I’ve got to address this.
I hear way too dang many people mis-using the term "Footage" when talking about video.
The term “Footage” when applied to digital stock video is wrong.
“Footage” as it is properly used, applies to film, usually 16mm or 35mm, and is expressed in lengths, eg. 10 feet, 50 feet, one reel or two reels, etc. A reel of film is 1000 feet, or 11 minutes. Older movies, made from the beginning to the 50s, were timed in reels. If a movie was released at 10 reels, it was about 110 minutes long.
I know this because I not only worked in film during the 80s, I also have a degree in film making.
Video, either analog or digital, is expressed in units of time. Such as Hours:minutes:seconds:frames
(Hence the term, SMTP Time Code for video editing)
Film is expressed as footage, in the following units, reel:feet:frames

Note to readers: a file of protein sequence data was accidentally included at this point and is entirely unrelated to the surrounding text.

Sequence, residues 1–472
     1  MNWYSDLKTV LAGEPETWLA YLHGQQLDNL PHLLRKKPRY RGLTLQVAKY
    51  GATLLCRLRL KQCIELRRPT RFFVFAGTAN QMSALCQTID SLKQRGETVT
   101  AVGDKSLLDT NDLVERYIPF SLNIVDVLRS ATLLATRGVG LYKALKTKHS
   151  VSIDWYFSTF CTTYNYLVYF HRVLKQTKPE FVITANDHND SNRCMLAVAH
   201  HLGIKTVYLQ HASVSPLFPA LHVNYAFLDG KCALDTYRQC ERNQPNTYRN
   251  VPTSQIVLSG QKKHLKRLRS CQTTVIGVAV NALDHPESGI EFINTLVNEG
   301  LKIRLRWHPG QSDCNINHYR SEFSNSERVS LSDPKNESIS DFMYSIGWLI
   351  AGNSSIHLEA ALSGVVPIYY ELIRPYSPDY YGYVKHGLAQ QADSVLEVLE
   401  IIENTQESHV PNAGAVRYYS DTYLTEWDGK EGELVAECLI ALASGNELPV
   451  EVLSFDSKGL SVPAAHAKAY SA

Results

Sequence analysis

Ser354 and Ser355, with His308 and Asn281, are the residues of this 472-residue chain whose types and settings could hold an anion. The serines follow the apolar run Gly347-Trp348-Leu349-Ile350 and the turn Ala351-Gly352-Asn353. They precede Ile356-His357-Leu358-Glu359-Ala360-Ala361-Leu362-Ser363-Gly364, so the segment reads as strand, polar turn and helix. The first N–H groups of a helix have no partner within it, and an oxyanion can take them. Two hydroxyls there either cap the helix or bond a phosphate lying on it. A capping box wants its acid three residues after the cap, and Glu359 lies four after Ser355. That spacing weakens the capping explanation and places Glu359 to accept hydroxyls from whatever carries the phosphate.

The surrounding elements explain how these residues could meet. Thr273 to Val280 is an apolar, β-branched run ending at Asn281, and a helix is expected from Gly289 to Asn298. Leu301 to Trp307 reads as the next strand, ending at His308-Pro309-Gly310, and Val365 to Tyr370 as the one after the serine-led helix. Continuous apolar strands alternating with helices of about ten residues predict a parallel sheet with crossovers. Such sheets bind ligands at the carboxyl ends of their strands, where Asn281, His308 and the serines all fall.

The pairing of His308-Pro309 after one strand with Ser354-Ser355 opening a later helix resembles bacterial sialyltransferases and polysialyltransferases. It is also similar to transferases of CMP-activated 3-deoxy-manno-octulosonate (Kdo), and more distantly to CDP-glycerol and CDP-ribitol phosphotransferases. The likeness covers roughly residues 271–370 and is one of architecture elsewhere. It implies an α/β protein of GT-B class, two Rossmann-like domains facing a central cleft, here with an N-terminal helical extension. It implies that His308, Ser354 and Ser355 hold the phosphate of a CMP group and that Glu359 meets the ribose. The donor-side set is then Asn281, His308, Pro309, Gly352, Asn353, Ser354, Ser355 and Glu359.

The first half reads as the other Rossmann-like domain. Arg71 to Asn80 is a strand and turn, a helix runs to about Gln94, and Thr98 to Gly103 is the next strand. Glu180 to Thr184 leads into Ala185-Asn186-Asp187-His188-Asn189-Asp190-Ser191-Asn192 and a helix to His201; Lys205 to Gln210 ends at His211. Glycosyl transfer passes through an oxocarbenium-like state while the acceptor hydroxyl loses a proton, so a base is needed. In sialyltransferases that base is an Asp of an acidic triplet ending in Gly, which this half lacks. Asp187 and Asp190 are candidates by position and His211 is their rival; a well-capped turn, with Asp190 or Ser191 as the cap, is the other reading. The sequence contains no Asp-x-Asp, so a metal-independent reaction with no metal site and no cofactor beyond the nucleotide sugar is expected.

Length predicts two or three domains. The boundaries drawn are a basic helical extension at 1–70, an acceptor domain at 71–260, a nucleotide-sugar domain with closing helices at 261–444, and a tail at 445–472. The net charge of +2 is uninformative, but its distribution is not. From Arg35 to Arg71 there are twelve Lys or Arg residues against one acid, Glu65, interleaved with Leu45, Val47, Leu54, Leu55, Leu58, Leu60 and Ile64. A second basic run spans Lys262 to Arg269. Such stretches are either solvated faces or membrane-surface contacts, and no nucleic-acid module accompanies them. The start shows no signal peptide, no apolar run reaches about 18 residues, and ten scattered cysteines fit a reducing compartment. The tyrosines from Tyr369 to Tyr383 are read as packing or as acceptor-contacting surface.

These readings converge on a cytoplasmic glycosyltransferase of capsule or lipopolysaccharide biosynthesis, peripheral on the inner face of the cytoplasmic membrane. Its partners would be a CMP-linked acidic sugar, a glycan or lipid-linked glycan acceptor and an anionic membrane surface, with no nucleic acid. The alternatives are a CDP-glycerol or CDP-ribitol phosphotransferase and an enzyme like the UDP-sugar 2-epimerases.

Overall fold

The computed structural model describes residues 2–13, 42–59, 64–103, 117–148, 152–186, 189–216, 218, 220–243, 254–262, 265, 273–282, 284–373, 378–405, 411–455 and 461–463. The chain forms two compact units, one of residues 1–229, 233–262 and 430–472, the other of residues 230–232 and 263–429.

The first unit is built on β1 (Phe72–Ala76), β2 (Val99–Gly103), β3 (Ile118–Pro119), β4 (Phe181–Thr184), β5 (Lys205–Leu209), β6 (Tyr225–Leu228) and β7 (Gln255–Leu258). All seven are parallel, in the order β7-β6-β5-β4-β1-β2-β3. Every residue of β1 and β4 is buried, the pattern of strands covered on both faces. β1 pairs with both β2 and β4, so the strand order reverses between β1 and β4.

For example, a film clip in 35mm, running 33 seconds at 24 frames per second, is 50 feet.
A video clip of 30 seconds is just that, 30 seconds.
When I took a video class in college, we were fined each time we used the term “footage” when we referred to tape. When shooting film, the camera operator advises the director he has 120 feet left, this means the director can only shoot up to a minute and 20 seconds of the next scene. If they’re shooting HDTV, the camera operator can report “only a minute left on the tape”.
I just had to address this….